Sony counting on ‘selfies’ and video calls to drive image sensor growth
Sony Corp is counting on the boom in smartphones and the market’s voracious appetite for megapixels — vital to better quality video calls and “selfies” — to sustain the double-digit revenue growth in its image sensor business.
Imaging — both cameras and sensors — is one of three pillars along with Xperia smartphones and PlayStation consoles that the company is leaning on to stop the hemorrhaging at its flagship electronics division. Sony expects its sales of imaging sensor chips to jump 16 percent to $3.52 billion in the year ending this month.
Sony dominates the imaging sensor segment. Its high-end imaging chips are the “film” in the main cameras of both Apple Inc’s iPhone 5S and Samsung Electronics Co Ltd’s Galaxy 4, according to a break-down analysis of those products.
Sony has had little business selling lower-quality sensors, which are typically used in front-facing cameras, said Yutaka Okamoto, president of the company’s device division.
But now, some smartphone makers are upgrading their front-facing cameras for users who want sharper self-portraits, and that has opened up a whole new market for Sony, Okamoto said.
Several fast-growing Chinese smartphone makers, keen to move upmarket, are also beginning to put in orders for Sony’s high-spec chips, he said.
The division could get an even bigger profit boost from its nascent business making high-margin camera modules, which include lenses and circuitry as well as sensors, while tablets as well are joining the bandwagon towards more megapixels and higher resolutions.
Despite its lead in sensor technology, however, Sony faces a rising threat from a familiar rival – Samsung Electronics. The South Korean tech giant has hammered Japanese electronics makers in businesses from TVs to memory chips.
Samsung’s newest flagship smartphone, the Galaxy S5, is due to be fitted with an image sensor developed and manufactured in-house by the South Korean company, with Sony no longer the main supplier.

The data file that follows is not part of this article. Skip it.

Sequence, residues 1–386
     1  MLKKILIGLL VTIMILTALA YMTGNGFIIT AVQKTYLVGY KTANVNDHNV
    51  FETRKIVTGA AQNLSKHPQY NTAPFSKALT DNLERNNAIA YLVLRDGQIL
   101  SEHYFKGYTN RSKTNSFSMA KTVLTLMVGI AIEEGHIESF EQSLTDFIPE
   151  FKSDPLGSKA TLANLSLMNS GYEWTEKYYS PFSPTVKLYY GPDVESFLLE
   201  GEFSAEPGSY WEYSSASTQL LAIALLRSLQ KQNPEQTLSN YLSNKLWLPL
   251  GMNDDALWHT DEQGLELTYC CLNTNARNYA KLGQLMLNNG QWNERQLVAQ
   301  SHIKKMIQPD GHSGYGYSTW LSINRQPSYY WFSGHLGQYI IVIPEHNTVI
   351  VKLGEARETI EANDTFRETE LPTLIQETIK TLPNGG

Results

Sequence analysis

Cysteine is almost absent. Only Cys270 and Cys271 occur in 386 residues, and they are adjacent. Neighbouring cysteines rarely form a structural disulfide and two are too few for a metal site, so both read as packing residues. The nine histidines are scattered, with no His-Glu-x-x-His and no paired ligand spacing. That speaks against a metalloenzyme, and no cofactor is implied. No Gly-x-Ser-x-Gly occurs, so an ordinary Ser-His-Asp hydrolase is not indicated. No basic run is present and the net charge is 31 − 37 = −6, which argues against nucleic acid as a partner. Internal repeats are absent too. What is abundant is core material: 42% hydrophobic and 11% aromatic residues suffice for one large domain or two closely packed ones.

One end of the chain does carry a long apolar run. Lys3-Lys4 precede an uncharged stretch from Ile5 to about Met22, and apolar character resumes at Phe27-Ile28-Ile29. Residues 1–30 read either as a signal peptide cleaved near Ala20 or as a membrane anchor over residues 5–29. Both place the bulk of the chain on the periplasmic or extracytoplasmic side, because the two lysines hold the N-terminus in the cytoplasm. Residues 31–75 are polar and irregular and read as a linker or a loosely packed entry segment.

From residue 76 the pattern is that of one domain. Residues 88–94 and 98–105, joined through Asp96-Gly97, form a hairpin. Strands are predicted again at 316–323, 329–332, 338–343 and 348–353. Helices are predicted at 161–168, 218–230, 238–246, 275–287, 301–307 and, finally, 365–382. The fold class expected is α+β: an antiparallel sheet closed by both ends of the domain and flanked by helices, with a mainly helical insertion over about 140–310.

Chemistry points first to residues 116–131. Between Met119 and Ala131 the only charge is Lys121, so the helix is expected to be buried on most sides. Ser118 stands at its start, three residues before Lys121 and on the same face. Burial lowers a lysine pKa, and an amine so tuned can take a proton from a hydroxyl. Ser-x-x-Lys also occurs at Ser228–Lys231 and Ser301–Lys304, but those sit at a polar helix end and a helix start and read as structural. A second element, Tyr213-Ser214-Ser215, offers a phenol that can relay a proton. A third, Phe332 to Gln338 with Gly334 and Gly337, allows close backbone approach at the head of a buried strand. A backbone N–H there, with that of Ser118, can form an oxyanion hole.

“Our strength — and Samsung’s — is that we can accumulate expertise on our own production lines,” Okamoto said.
“The fact that Samsung makes their own products on their own line with their own technology, that’s a threat,” he told Reuters in an interview last week.
Sony is looking to expand its sensor production capacity next year with a factory in northern Japan it agreed to buy from struggling chipmaker Renesas Electronics Corp for a total investment of $342 million including new equipment.
Sony has calculated that capacity at its existing factories would be unable to keep up with demand by mid-2015, even with a drop in demand for compact camera sensors, Okamoto said.
Sony and smartphone memory chip maker Toshiba Corp are the only big Japanese chipmakers expanding production, while Renesas has restructured to focus on automotive chips and Panasonic Corp has sold most of its chip plants to foreign players.
Elpida Memory, Japan’s last maker of PC memory chips, was bought by Micron Technology last year after seeking bankruptcy protection.
Sony says its image sensor business is turning a profit, while other major divisions such as TVs and PCs are in the red and the company as a whole expects a 110 billion yen net loss for the year to March 31.
Macquarie Capital Securities director of research Damian Thong estimates the sensor business earns an operating margin of 10 to 15 percent.
Sony says its global market share for smartphone image sensors is at 44 percent, mainly in the back-facing cameras used to snap photos. Screen-side sensors tend to be of lower quality, and that market is led by Omnivision Technologies Inc, the No.2 in market share. Samsung is third, according to Techno Systems Research Co, a Tokyo-based market researcher.
As Sony grabs more sensor business in screen-side cameras and in Chinese smartphones from fast-growing manufacturers such as Xiaomi that tout high-end, made-in-Japan parts as a selling point, Sony’s device business is increasingly tied to the smartphone market.
But Okamoto plays down worries that smartphone growth might peak out within the next few years, citing a number of other promising markets for image sensors.
“Our hope is that wearables are next. We also expect to see increasing demand for sensors used in medical devices, autos, and in agriculture,” he said.
[Image: Two Happy Friends On The Couch Taking A Selfie With Smartphone via Shutterstock]